Shatner, William—Man O’ War

I didn’t pick up William Shatner’s 1996 novel, Man O’ War, expecting much. Shatner, who played Captain Kirk in the original Star Trek and has been the star of several commercials, is not known for being a writer.

What surprised me was that the book wasn’t half bad.

Benton Hawkes is a diplomat who has a knack for solving problems. He’s the one they send in when a conflict cannot be solved by anybody else. So when a Martian mining colony totters on the brink of civil war, he seems to be the perfect man for the job.

But Hawkes proves to be too perfect in this energetic sci-fi story, thwarting numerous attempts on his life and plotting a course toward the very solution his superiors wish to avoid.

There’s not a ton of originality in this story, and in many ways it reads like Robert A. Heinlein’s The Moon is a Harsh Mistress moved to Mars and hyped up on steroids. But it lacks the depth of Mistress which I really enjoy in a sci-fi novel. It’s sufficiently interesting though, and has a lot of shoot-em-up space action.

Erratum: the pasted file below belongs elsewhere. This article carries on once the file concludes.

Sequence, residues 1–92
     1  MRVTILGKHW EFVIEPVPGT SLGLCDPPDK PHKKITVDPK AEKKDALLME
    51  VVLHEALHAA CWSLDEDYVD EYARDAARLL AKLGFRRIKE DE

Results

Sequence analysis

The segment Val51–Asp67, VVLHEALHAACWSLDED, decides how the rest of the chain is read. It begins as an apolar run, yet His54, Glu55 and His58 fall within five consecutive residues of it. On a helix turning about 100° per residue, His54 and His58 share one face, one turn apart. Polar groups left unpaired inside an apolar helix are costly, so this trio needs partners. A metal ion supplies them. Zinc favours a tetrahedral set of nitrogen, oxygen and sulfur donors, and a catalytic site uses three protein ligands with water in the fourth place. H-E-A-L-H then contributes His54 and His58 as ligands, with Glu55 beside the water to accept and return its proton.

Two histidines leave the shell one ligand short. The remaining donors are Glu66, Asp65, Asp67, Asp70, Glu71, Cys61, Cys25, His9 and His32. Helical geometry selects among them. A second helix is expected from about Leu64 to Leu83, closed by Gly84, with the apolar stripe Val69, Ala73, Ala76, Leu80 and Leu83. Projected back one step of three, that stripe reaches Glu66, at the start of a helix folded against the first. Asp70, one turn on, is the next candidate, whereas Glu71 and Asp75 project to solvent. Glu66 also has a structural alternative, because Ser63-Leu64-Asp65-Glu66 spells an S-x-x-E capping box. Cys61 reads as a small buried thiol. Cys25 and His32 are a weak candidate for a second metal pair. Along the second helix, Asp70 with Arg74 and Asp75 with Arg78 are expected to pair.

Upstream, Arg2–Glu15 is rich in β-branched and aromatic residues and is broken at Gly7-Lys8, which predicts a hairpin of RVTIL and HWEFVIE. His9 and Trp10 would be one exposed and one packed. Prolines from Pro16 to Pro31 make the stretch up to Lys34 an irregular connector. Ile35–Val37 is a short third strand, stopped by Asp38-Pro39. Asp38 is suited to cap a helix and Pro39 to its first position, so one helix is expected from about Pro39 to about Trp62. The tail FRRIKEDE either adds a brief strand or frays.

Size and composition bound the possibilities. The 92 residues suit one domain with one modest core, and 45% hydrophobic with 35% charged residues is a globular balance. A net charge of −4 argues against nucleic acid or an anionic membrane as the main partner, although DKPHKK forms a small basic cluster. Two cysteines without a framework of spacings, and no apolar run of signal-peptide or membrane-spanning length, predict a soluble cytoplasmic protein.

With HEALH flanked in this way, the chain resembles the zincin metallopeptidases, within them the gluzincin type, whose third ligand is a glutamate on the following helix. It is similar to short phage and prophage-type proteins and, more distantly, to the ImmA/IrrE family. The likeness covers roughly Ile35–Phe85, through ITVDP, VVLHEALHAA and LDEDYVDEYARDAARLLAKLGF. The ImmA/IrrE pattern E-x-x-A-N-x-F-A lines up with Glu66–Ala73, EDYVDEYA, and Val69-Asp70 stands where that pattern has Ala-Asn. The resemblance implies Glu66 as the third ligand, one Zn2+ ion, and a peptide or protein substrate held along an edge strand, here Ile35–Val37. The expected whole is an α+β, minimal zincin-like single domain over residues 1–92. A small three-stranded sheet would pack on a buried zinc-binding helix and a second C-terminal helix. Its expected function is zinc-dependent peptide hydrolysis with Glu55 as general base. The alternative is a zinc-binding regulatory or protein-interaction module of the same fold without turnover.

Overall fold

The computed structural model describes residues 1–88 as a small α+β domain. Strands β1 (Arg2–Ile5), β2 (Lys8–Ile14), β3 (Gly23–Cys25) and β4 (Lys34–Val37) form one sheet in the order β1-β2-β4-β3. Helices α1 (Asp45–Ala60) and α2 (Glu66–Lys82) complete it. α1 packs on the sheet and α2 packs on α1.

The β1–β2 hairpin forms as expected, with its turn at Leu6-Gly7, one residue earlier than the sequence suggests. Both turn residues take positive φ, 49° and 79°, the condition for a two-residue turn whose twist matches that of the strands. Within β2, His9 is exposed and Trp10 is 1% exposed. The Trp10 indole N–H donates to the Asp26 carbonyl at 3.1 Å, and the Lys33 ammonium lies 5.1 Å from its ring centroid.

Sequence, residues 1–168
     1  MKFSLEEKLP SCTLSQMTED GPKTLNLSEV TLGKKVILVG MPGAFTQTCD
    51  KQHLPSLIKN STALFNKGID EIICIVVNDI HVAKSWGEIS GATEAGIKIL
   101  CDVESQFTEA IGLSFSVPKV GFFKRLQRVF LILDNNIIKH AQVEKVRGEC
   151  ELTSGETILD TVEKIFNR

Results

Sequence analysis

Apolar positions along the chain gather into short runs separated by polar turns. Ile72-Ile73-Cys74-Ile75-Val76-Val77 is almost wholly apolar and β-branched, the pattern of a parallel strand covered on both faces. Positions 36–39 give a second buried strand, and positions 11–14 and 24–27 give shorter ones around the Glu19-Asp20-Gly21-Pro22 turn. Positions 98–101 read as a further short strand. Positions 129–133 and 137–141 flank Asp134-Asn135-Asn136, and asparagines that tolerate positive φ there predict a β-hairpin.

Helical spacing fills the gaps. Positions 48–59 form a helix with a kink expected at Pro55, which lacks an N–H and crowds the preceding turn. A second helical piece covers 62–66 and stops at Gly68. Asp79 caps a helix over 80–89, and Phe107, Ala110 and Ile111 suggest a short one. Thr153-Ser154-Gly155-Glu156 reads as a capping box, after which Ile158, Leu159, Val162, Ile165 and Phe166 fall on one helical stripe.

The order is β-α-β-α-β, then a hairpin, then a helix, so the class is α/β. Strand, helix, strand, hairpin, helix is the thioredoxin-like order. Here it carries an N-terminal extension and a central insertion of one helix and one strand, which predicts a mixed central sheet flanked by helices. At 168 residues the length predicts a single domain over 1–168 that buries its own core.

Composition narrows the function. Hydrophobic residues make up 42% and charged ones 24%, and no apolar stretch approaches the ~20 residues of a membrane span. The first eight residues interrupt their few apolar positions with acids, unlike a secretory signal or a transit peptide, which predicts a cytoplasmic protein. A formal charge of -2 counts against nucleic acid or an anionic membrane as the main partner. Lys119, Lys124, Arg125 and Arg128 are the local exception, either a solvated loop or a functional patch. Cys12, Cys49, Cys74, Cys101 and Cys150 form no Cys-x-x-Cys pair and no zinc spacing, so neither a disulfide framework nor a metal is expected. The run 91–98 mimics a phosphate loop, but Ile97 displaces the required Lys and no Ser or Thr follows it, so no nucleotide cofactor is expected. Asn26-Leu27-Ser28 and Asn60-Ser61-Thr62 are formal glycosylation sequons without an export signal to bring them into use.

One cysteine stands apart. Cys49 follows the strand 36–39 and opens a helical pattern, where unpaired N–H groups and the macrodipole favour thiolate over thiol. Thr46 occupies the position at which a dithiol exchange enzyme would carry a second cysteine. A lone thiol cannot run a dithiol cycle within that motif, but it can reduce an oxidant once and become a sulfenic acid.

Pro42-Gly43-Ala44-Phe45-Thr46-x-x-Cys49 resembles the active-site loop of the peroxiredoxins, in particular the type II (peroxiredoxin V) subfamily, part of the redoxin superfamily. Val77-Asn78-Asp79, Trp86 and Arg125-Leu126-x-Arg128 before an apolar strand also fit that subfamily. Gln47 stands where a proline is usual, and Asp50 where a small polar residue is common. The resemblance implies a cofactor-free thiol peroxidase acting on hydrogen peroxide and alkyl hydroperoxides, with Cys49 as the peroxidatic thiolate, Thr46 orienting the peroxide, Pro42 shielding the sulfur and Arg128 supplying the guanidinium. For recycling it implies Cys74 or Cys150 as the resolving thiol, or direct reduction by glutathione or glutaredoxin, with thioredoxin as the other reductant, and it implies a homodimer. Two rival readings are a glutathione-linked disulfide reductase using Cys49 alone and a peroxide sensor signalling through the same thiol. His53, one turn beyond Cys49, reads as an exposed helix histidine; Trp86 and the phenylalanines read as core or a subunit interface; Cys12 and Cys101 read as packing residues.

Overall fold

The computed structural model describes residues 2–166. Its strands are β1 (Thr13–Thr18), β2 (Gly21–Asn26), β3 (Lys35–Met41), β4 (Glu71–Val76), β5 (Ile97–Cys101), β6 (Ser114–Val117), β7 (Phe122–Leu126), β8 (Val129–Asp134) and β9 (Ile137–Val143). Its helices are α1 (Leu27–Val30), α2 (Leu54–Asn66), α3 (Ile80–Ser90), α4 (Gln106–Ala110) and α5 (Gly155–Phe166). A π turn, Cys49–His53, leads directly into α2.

Shatner is not an expert writer, and occasionally I found myself cringing at his run-on sentences and strange constructions. But the vast majority of Man O’ War is readable, and the story isn’t too bad if you can forgive his borrowing plot points from Heinlein and other sci-fi greats.

I certainly don’t regret reading it, it kept my interest, but it’s nothing great.

3 out of 5 stars.

Scott Bradford is a writer and technologist who has been putting his opinions online since 1995. He believes in three inviolable human rights: life, liberty, and property. He is a Catholic Christian who worships the trinitarian God described in the Nicene Creed. Scott is a husband, nerd, pet lover, and AMC/Jeep enthusiast with a B.S. degree in public administration from George Mason University.